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Mr. Cook: The hon. Gentleman raises an important issue. Many of us will have seen in our constituencies cases involving medical appeals where we might have come to a different judgment. The hon. Gentleman is well placed to ensure that such matters are processed, and no doubt his Select Committee will examine the matter and follow his lead.

Mr. Tony McWalter (Hemel Hempstead): Will my right hon. Friend reflect on the bizarre fact that after a Budget we have five days of full debate, but after a most welcome—but most complicated—comprehensive spending review, we have had no time at all for an extended debate? I say that because there were some omissions from the review. I am particularly concerned

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about the lack of any proper debate on provision for universities, some of which are facing such a funding crisis that, among other things, medical schools and faculties may close before Parliament reconvenes. Will my right hon. Friend request that the relevant Minister come to the House before the recess to discuss the apparent absence of commitment to our universities and their funding future?

Mr. Cook: I would not accept that there is an absence of commitment to universities. Indeed, we are proud of the fact that we now have entry rates that are among the highest of any of the OECD countries, as well as one of the highest rates of completion of higher education, and we want to build on that success.

I remind my hon. Friend that we heard a very full comprehensive spending review statement on Monday. It was well received inside and outside this Chamber and by many of those working in the public services, including in education. Since then, there have been two or three other statements in the House on how the money is to be spent by Departments, and hon. Members will have an opportunity fully to debate the matter next Tuesday. The totality of that record does not suggest that we are either seeking to deny the House the opportunity to explore the issues or saying anything that has not been well received here and elsewhere.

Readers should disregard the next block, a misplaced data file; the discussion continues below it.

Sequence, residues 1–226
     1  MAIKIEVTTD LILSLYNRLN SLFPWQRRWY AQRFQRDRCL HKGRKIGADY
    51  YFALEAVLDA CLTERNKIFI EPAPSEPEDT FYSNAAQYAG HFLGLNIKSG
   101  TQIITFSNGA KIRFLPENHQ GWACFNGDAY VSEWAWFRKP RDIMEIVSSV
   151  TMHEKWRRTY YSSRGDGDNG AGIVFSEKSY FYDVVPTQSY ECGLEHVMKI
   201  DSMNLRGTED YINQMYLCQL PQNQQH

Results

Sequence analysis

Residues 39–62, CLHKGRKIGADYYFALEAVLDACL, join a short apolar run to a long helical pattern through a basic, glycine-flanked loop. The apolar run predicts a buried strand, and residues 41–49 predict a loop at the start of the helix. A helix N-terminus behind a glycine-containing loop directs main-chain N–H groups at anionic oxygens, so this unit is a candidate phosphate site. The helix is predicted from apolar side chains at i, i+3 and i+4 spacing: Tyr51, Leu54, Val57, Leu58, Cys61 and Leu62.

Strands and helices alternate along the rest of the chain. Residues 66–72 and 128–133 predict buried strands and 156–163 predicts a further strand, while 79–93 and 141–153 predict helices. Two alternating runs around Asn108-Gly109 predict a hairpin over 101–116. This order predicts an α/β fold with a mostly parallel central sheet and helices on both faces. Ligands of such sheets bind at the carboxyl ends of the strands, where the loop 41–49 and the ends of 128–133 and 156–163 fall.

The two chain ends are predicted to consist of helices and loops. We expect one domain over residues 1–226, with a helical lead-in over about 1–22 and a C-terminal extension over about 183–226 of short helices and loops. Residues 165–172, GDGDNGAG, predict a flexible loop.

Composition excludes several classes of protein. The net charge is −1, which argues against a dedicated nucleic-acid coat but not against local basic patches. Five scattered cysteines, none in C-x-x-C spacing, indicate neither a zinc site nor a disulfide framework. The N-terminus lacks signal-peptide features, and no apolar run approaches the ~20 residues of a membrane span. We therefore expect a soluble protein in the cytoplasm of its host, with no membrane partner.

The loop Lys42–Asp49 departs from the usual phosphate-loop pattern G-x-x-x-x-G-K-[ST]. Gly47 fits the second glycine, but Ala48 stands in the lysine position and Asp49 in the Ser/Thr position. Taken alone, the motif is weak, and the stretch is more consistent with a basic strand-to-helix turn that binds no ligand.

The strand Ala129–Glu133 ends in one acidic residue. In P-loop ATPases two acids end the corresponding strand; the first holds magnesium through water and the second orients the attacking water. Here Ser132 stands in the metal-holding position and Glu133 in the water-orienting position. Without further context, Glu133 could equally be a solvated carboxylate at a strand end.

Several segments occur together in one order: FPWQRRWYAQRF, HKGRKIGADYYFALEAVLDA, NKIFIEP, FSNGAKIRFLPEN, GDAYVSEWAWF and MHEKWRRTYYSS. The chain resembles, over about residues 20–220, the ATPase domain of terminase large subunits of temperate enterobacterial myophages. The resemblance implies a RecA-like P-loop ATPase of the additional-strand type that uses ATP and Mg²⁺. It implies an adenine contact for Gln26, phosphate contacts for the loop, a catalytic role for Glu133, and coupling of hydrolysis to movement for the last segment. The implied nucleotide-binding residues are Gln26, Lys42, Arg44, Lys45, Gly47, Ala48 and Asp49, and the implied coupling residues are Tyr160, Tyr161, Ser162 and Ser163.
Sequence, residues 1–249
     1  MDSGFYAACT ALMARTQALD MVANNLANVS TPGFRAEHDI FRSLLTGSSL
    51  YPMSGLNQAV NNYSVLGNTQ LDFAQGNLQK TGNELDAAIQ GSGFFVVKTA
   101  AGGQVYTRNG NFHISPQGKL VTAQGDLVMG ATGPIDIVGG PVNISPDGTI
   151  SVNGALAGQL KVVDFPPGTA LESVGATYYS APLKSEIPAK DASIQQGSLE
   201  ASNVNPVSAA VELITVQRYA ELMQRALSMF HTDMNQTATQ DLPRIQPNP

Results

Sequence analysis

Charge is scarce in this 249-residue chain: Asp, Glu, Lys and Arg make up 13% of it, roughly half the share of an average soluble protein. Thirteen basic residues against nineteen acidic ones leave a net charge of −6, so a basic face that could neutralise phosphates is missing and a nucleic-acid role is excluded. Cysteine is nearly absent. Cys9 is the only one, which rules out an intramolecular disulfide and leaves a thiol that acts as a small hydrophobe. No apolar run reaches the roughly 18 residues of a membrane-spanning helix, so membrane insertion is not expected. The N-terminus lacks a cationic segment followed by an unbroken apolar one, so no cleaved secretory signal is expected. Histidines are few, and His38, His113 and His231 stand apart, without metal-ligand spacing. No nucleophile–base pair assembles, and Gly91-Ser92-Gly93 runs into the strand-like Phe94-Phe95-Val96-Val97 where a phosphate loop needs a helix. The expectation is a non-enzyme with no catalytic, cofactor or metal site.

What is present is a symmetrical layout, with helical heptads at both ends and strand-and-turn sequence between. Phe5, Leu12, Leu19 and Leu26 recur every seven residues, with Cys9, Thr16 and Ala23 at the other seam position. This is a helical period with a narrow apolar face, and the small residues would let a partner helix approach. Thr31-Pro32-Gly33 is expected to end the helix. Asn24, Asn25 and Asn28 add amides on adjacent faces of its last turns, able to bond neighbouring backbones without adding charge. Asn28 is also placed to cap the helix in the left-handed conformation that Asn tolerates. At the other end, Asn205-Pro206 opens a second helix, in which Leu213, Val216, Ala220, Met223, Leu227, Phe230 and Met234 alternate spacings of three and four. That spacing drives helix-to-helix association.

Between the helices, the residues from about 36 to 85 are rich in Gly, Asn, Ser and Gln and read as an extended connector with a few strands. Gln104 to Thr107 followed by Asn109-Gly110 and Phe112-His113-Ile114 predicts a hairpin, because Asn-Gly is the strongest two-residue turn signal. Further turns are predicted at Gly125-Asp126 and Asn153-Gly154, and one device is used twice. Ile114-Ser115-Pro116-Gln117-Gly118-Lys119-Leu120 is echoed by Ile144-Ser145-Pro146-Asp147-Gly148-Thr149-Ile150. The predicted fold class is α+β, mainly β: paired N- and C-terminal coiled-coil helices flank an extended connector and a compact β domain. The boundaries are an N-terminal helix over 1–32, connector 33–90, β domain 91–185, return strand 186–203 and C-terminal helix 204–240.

Bob Spink: The right hon. Gentleman showed an uncharacteristic lack of knowledge in answering the question asked by my hon. Friend the Member for Windsor (Mr. Trend). He said that the decision taken on the Hashmi case was not a ground-breaking decision, but simply another in a string of decisions. That is not the case. It was a ground-breaking decision, as was acknowledged by the health editor of BBC Online this morning. Is it not time that the Human Fertilisation and Embryology Act 1990 was brought back before the House to be debated, so that we can make decisions on matters of such fundamental importance as the creation of new human life for a pre-designed purpose?

Mr. Cook: I gently say to the hon. Gentleman that my election by my constituents and my democratic mandate entitle me, just occasionally, to disagree with the BBC, and I may indeed do so again. [Hon. Members: "Hear, hear."] I am grateful for that encouragement. On the BBC this morning, I heard the spokesman for the Human Fertilisation and Embryology Authority herself say that the decision in that case was taken perfectly in line with many previous decisions to ensure that the child was born healthy.

I repeat what I said earlier: I deprecate our debating in this Chamber the circumstances of one particular case. It is not our business, nor should it be decided along political lines.

Paul Flynn (Newport, West): I ask my right hon. Friend for a debate on early-day motion 1637.

[That this House welcomes the intention of film producer Steven Spielberg to create a television series recreating the life and battles of King Arthur, including British actors in the production; notes the success of the series 'Band of Brothers' filmed in England; recognises the historical and mythological connections of King

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Arthur with Somerset, the identification of Camelot with Cadbury Castle and of the Isle of Avalon with Glastonbury; believes the beautiful and unspoilt countryside of Somerset would therefore be an ideal location for filming such a series; and calls on the Department of Culture Media and Sport to do everything possible to attract the production to Britain and to support the rural economy.]

That contains the dastardly and preposterous suggestion that the court of King Arthur was located at a site other than Caerleon in the city of Newport. A thousand years ago, the Mabinogion and the writings of Geoffrey of Monmouth identified Caerleon as Camelot. That was confirmed by Tennyson, who wrote his Arthurian poems in Caerleon, and by the Loyal Knights of the Round Table, who funded the excavation of the round table in the village in 1928.